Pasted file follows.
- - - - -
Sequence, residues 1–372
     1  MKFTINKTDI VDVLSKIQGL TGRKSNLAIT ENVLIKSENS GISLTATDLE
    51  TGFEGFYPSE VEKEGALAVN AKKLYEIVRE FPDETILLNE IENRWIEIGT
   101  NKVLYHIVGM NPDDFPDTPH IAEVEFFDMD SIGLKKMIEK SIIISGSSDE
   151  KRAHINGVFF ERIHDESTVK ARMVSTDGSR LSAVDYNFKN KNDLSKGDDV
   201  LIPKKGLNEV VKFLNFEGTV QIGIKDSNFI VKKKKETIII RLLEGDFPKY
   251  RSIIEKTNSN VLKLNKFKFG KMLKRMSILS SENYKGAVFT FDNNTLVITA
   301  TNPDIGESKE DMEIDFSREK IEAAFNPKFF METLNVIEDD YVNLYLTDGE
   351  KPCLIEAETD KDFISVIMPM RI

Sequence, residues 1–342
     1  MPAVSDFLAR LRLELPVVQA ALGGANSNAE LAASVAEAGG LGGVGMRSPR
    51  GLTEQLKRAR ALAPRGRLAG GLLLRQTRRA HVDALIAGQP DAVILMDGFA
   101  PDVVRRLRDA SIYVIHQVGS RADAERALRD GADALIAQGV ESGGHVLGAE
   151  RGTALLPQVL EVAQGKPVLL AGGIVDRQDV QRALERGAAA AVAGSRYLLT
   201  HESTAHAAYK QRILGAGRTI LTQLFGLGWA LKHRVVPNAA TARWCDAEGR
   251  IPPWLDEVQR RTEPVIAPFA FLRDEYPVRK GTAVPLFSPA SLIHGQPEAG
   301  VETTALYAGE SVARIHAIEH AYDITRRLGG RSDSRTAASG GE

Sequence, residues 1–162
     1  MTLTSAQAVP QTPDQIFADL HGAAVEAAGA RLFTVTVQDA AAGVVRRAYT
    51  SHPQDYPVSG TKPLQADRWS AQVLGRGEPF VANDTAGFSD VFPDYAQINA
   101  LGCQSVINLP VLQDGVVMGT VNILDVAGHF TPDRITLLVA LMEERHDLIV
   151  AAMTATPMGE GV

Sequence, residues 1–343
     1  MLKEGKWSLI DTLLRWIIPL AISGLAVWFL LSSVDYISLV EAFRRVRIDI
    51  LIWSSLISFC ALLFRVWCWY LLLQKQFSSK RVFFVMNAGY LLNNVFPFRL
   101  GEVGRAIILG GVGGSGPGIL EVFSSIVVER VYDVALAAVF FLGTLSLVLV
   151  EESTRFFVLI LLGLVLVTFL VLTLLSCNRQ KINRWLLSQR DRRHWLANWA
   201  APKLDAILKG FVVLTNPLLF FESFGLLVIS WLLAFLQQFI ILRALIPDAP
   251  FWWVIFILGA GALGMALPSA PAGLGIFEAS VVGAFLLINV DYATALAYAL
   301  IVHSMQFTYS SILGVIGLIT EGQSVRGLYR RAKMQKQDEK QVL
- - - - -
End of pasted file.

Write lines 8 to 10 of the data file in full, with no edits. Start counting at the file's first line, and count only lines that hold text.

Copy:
   301  TNPDIGESKE DMEIDFSREK IEAAFNPKFF METLNVIEDD YVNLYLTDGE
   351  KPCLIEAETD KDFISVIMPM RI

Sequence, residues 1–342